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Saturday, July 26, 2014

Armenian Church (Chennai - Tamil Nadu)

Long back when I was designing a tee depicting 6 different icons of Chennai, like expanding an abbreviation i.e 'MADRAS'. And to depict one of the 'A', I depicted Armenian Church. Sadly I've never been there, when I designed that. Recently when I got a chance to go there with some people who know very well about its history, how would I say no???????? So, here's more on the place.
Armenians originally belong to the Armenia region (present day Turkey, Iran regions). Christianity was spread here by the apostles of Jesus St. Thaddew & St. Bartholomew. And this was the first ever country to declare Christianity as state religion in the year 301 AD, followed by Ethiopia in 324. Only after these 2 countries, Vatican declared Christianity as state religion. Followers of Armenian Christianity later on spread all over the world and that includes India too. 

The Chennai population of Armenians had their own church and that's this Armenian Church. The church was built in 1712 and was renovated in 1772.
The most important feature of this church is its bells. These are heavy, huge, iron bells, 6 in number, cast in different times from 1719 to 1737.

There are inscriptions on these bells that say when they were cast and for what purpose. Here are 2 of those,  in stitched images, so that you can read what is on it. The bells hand from oak wood that are also as old as the bells. Presently the bells are rung once a week, every Sunday morning at 9.
The entire place also served as a burial ground and you can see the tombstones, everywhere. One of the tombstones caught my attention. It was of Shmavonian (1750-1824). 
His tombstone depicts a ruler and scissor to depict he was a textile merchant; it also depicts stones and a balance to denote he was a gem stone merchant; it also depicts ink bottle and quill feather to denote he was a writer as well; and it also denotes wine glass and grapes to denote that he was a wine merchant as well. To put in a nutshell this kinda depicts the culture of Armenians. They were merchants and did as many commercial ventures as possible.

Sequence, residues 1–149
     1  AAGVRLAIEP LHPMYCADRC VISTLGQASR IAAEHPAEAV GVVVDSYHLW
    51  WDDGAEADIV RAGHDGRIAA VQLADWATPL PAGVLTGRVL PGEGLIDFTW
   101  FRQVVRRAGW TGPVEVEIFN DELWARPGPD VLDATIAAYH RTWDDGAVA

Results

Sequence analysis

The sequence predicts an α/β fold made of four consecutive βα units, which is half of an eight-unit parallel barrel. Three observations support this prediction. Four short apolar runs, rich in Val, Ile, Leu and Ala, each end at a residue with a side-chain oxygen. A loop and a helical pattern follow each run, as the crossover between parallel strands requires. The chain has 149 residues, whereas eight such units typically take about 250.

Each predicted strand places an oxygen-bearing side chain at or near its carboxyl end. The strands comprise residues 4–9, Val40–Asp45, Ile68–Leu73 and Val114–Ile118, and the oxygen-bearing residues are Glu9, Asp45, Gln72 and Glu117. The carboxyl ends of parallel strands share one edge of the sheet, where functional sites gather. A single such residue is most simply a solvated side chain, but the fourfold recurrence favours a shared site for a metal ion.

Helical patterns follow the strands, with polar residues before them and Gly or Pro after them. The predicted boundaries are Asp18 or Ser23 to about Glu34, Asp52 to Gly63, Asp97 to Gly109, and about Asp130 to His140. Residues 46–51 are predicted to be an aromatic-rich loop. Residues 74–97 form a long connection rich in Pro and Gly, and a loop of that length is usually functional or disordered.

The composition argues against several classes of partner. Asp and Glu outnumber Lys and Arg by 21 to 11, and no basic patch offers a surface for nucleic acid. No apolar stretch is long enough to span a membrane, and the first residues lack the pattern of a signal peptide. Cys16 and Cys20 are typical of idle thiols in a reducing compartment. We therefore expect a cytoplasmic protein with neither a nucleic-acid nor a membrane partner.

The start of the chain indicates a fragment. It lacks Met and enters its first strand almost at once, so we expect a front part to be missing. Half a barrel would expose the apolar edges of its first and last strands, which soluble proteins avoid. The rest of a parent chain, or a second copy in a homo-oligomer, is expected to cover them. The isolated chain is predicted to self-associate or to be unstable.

An important grave here was of Kojah Petrus Woskan (1681-1751). He was the merchant who built the Marmalong Bridge in Chennai; the original church of St.Matthias in Vepery, Chennai; and also the steps of St.Thomas Mount. He was buried in St.Matthias Church, but according to his wish, his heart was buried in New Julfa where he was born. A tablet was inscribed here in his memory. Another interesting grave stone was this. It had this man wearing a very Indo-Persian outfit, complete with turban. Below that was an image of a 2 headed bird called Ganda Perundam, a mythical bird in India.
The interiors of the Church look so elegant. The altar has Mother Mary rising to the skies with baby Jesus. The original image on the altar was a similar one, which got destroyed while renovation. The present image is pretty new. 
Below that image was a wooden platform with 4 steps and 5 sections in each step denoting 20 scenes from the life of Jesus Christ. It includes the 14 stations of the cross and 6 miracles. In many churches these scenes are depicted as wall hangings or as glass paintings. 

Another interesting factor is the location of the choir. Its located in the mezzanine opposite to the altar facing the altar. I was informed that the practice of having the choir beside the altar on the leftside is only a modern practice. The chairs, tables, chandeliers, everything has a gorgeous old world charm to it. 

The street where this church is located is called Armenian Church. But when I went into the street and enquired for the church, I was directed to a huge church. This church is much more posh looking than the ancient church. This even has a dwaja sthambam like in Indian temples. 
Guess what, that's a brand new Catholic church, built just beside the ancient Armenian Church!!! From the exterior the original Armenian Church doesn't even look like a church!!!


Dedicated to Kra.Narasaiah

Saturday, July 19, 2014

Pazhayanur & Nemili Temples(Thiruvallur - Tamil Nadu)

From Thirumazhisai, our next stop was Thiruvalangadu. Photography is not allowed inside this temple, so there won't be any here.... This is the Rathna Sabhai of Lord Shiva. You may remember my earlier post on Chidambaram. Remember I told you its the Kanaka Sabhai? Well, Lord Shiva has 5 major temples, called the 5 sabhais where He performed His cosmic dance. One of it was Chidambaram and another one is Thiruvalangadu. The present structure seems to have been built by Vijayanagara Kings. Anyways, this is a famous temple and a lot of people have written about here, so let me skip it.